Matthew Corrin was fashion designer Oscar de la Renta's marketing manager, which meant a lot of long hours at work and a lot of hurried lunches at local delis. After his umpteenth greasy sandwich, Corrin began wondering why there weren't more healthy and convenient lunch alternatives. This rumination and a resignation letter to de la Renta begot Freshii, a fast, casual eatery that serves healthy meals and has graced the pages of various publications, including the Chicago Tribune and Inc.'s 30 Under 30 list. Environmental awareness also plays a big part in the business model—even the food packaging is made from eco-friendly vegetable starches.
Every Freshii kitchen is stocked with base ingredients of brown rice, rice noodles, romaine lettuce, field greens, and spinach; toppings such as carrots, broccoli, grilled tofu, and candied walnuts; and an array of dressings and sauces. Using these ingredients, the chefs create bowls, wraps, salads, soups, and burritos for lunch and dinner. During morning hours, when the sun is still busy curling its rays, they scramble eggs, serve house-made oatmeal, and top fat-free frozen yogurt with a choice of fruit. Customers can bring their own bowls and the staff will wash them and fill them with fresh ingredients hailing from environmentally responsible farms that fairly compensate their workers.
As Pierogies Plus's chefs filter into the kitchen early each morning, they peek at the vast pot of potatoes they left to boil overnight, making sure each spud is tender and ready to tuck inside their signature dumplings. The multigenerational kitchen staff—some of whom have been making pierogies for four, five, or seven decades—roll out rounds of dough and top them with sauerkraut, kielbasa, potatoes, and other fillings, following a special recipe espoused by Food Network chef Bobby Flay. Then chefs center each dollop of filling, hand pinch the pierogies into scallop-edged crescents until they cry uncle, and cook them until the dough turns golden. Pierogies Plus dishes out its eponymous treats and other Eastern European dishes both in its McKees Rocks storefront and in an online store, and caters special events, such as graduation parties and weddings.
It sounds strange, but Dan DiZio found the perfect pretzel machine hiding in a nondescript Florida garage. Once he saw it, he knew what he had to do. With help from his friend Len Lehman, DiZio hauled the equipment back to his native Philadelphia—where as a child he once sold homemade pretzels to his neighbors. He soon opened the original Philly Pretzel Factory. Today, nearly 15 years since first opening, Philly Pretzel Factory whips up fresh batches of secret-ingredient dough across 100 locations in eight states. The pretzels are twisted by hand into salted or cinnamon-sugar pretzels and pair with the shop's signature brand of mustard, or sweet blends of chocolate and butter-cream. The menu also tucks hot dogs and spicy sausages into pretzel rolls, and dusts salt on "rivets," or soft pretzel bites, which can top party trays or bind the masts of gravy boats.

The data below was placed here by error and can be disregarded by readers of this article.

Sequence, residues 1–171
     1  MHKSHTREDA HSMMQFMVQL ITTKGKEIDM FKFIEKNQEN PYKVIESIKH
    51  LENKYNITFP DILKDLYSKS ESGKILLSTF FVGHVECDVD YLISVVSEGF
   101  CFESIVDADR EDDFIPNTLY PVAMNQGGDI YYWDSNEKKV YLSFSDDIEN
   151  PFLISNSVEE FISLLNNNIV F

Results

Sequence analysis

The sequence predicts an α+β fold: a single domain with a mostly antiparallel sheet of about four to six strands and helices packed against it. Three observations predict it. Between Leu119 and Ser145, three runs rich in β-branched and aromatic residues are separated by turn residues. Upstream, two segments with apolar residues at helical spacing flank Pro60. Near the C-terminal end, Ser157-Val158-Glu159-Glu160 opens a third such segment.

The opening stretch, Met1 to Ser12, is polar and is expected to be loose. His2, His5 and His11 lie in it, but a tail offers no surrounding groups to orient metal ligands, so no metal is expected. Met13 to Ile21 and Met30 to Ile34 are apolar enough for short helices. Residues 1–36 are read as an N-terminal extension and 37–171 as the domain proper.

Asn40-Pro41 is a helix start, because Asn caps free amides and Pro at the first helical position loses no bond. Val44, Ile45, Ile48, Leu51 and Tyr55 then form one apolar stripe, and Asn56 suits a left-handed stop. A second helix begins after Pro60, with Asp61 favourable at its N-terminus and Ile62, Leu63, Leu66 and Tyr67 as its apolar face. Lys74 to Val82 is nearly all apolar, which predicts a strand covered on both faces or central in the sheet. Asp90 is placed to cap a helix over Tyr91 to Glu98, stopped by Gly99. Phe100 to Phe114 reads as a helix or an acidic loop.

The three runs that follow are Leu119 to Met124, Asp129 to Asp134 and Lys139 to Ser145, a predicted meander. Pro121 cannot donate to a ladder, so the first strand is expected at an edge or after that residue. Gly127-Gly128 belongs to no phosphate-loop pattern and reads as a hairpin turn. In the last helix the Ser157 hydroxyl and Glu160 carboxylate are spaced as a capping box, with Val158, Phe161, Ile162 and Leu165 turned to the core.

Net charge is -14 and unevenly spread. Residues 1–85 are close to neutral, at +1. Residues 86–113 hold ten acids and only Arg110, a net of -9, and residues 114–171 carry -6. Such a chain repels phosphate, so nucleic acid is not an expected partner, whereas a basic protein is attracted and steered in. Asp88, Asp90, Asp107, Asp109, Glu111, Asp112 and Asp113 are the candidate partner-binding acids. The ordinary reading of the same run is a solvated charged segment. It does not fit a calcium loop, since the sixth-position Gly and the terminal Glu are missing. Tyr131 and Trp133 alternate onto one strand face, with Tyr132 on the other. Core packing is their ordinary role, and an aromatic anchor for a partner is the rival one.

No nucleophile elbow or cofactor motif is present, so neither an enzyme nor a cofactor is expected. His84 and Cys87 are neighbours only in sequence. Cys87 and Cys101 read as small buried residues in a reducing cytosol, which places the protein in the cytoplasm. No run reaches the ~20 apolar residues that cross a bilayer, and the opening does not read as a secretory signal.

Beach Kreations adorns necks, ears, and other style-seeking appendages with its earth-friendly recycled jewelry. Crafted from colorful beach-glass fragments and sterling-silver wires, the prismatic accessories come from the remnants of shattered beer bottles and other glass items that have been buffed smooth by wind, surf, and the tentacles of Lake Erie's malignant sea beasts. Luxe up lobes with lever-back earrings festooned with kelly-green teardrops ($27) or cobalt-blue pebbles ($34), or rig up wrists with a rubber stretch bracelet laced with three glass beads ($25–$27).
When Patrick Watt moved from Jamaica to the U.S. at age 13, he also transported his country's culinary traditions. These simmered in his mind throughout careers as a student, electrician, and truck driver, titles that the Reading Eagle reports he held before delving into the restaurant business. After cooking for three years in New York, he decided to channel his knowledge of Jamaican cuisine into a venue of his own: Higher Level Restaurant & Lounge. There, his brother Roger marinates meats in mild and spicy jerk sauces, such as the resident Jerk Dread, and assists Patrick when he doubles as boss and cook. The kitchen staff preps every meal—from oxtail stew to weekend red-snapper specials—from scratch. They deliver meats from the grill straight to dining-room tables, which are flanked by orange walls, artwork, and libations that diners can supply themselves, as long as they bring a receipt or a signed note from Dionysus.
Since its humble south Philadelphia beginnings in the 1990s, PrimoHoagies has quickly expanded throughout the region and garnered several awards on the strength of its cold-cut sandwiches, made with Thumann's brand of gourmet meats and cheeses. The shop's robust menu features dozens of specialty hoagies, many of which were created in-house rather than underwater, as is the industry norm. Sharp Italian hoagies teem with prosciutto and genoa salami, and pork Diablo hoagies marry Thumann's homestyle roasted pork with a blend of piquant spices.